When “The Blair Witch Project” (Daniel Myrick, Eduardo Sanchez) came out in 1999, audiences tended to react in one of two ways. Either they knew it was a work of fiction pretending to be a documentary, or they thought it was a real documentary. With shaky camerawork, grainy imagery, and generally amateurish production values, there’s no question that “Blair Witch” looked like a bonafide documentary. Whether or not it’s intentional, Daniel Kraus’s film, “Sheriff,” produces a similar, yet infinitely more profound effect. It doesn’t trick you into believing it’s a movie or a mockumentary. Instead, “Sheriff” effectively guides your thought processes so that, by the time the film is over, you’ve gone from assuming it’s a movie, to wondering if it could be a mockumentary, to knowing that it must be a real documentary.
As the title indicates, the subject of Kraus’s film is a sheriff, Ronald E. Hewett of Brunswick County, North Carolina to be exact. “Sheriff” begins with an extreme close-up of the Sheriff talking about a recent arrest. The camera pulls away from his face, revealing a small crowd of listeners comprised of TV news reporters. During the next ten or so minutes, comparisons to the show “Cops” inevitably come to mind, only there aren’t any drunks, drug-buyers, or car chases. The film shadows its subject, illustrating how he handles community concerns, spends time with family, and catches criminals.
The more you watch, the more uncertain you are as to whether you’re watching a movie or a documentary. For instance, whenever Sheriff Hewett is driving, he’s wearing his seatbelt (something that characters in fiction works seldom do). The editing and cinematography are too artistic for “Sheriff” to be a documentary, but then the film isn’t trying to impress or dazzle either. The film reveals that the town is nearly covered with signs and streets bearing the Hewett name, and your suspicions that “Sheriff” is probably a documentary grow stronger. There’s a sense of humor that’s very organic and can’t possibly be scripted. In fact, some of the conversations and situations that arise are almost too absurd to have been the product of a writer’s mind (during a search through a grassy area, the Sheriff puts a brief halt on the canvassing to get his crew some insect repellent). When Sheriff Hewett and his deputies give a talk at the local school, there shouldn’t be any doubt that “Sheriff” is indeed a documentary (how else would Kraus have secured so many “extras” that are clearly not acting).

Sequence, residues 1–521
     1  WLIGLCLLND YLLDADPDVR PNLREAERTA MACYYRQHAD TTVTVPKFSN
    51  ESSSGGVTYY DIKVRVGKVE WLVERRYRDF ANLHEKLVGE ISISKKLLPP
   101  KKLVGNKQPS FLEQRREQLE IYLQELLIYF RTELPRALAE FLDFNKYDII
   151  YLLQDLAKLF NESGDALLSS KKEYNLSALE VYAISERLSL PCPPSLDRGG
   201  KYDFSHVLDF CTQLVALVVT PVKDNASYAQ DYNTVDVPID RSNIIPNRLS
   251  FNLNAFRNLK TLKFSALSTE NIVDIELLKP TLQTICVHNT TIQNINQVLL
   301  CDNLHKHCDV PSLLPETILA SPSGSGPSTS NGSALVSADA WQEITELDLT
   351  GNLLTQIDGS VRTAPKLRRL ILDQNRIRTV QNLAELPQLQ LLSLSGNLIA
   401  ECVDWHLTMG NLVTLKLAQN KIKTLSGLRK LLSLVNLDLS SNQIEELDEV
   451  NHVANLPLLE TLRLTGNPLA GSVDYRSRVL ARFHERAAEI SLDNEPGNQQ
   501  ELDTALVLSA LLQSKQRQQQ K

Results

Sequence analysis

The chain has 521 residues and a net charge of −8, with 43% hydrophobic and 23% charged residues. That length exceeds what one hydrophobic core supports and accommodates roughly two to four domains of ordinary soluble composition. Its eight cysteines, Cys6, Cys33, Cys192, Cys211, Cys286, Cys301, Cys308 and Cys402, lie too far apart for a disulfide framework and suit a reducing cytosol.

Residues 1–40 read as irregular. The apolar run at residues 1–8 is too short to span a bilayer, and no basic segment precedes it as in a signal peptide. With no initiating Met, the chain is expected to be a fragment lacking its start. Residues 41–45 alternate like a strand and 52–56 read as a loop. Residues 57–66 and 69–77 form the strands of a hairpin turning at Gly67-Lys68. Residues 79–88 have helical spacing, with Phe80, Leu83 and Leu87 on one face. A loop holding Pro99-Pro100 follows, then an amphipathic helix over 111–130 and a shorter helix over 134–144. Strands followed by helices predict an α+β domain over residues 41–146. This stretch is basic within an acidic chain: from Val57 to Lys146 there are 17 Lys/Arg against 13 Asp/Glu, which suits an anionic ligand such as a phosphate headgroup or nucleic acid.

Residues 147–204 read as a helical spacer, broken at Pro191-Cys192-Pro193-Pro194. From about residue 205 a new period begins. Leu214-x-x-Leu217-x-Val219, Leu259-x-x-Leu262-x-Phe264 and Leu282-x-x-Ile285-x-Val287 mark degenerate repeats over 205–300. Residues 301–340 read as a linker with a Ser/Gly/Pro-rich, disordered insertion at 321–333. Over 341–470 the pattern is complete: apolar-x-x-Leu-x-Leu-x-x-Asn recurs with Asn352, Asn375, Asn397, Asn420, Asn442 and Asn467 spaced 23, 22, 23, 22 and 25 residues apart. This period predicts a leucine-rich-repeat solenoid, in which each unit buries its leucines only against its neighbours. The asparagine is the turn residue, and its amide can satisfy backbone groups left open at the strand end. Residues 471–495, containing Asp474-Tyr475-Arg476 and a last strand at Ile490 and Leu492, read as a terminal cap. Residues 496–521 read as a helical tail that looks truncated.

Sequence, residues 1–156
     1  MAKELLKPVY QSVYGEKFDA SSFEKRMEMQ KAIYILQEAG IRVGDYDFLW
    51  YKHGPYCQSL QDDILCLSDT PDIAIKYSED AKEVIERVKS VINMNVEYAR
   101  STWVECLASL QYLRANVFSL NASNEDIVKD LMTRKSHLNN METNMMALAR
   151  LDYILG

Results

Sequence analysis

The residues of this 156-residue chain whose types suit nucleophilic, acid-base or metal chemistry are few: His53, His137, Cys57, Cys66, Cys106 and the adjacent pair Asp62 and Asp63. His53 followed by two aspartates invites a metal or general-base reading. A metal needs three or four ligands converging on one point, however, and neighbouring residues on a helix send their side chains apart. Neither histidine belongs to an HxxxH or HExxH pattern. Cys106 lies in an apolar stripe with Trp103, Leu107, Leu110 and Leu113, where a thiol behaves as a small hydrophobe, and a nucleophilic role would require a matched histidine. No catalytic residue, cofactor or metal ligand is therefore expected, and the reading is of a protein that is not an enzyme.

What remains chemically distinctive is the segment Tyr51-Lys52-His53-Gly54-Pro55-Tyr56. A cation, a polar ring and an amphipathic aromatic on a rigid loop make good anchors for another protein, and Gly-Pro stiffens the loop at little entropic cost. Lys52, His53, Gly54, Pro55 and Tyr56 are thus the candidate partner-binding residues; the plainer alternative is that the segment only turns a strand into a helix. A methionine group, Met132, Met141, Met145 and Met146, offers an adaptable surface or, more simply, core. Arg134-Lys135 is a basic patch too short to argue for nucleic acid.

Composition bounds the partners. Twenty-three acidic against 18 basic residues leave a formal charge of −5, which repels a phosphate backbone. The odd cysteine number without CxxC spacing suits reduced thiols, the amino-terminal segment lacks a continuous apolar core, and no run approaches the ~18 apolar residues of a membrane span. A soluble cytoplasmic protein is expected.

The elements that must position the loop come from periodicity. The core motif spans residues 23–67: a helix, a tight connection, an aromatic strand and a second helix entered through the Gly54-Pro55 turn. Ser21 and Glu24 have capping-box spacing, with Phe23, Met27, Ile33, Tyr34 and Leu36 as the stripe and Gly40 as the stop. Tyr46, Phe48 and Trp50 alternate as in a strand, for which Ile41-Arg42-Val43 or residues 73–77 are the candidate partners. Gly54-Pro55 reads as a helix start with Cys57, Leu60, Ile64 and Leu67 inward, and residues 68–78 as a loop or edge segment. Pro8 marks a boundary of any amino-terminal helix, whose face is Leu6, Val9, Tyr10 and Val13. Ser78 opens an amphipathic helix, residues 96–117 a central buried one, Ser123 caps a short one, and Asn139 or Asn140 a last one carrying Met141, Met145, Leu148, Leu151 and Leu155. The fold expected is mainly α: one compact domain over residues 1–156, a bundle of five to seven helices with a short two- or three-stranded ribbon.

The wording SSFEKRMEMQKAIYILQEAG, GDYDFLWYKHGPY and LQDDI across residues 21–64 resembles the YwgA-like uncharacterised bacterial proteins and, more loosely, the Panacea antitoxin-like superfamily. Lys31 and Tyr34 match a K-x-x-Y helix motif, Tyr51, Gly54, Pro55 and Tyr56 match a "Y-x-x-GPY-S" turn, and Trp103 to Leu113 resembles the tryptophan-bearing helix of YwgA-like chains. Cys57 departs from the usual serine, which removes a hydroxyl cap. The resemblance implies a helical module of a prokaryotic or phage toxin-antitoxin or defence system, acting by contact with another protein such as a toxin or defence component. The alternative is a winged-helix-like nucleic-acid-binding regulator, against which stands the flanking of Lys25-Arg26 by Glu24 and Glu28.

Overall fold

Unless you knew beforehand that “Sheriff” is a documentary, you’d go into it anticipating a movie. It’s mind-blowing that the director is also a writer for ‘Playboy,’ Salon.com, and ‘Maxim.’ Although the articles in ‘Maxim’ and ‘Playboy’ are possibly better than the pictures, it’s hard to imagine that one of their contributors could make something so educational, intriguing, and tame enough for family-viewing. Kraus does a fantastic job with “Sheriff.” Not only do you feel like you know Sheriff Hewett, but you realize that fighting crime is more problem-solving than gun-slinging.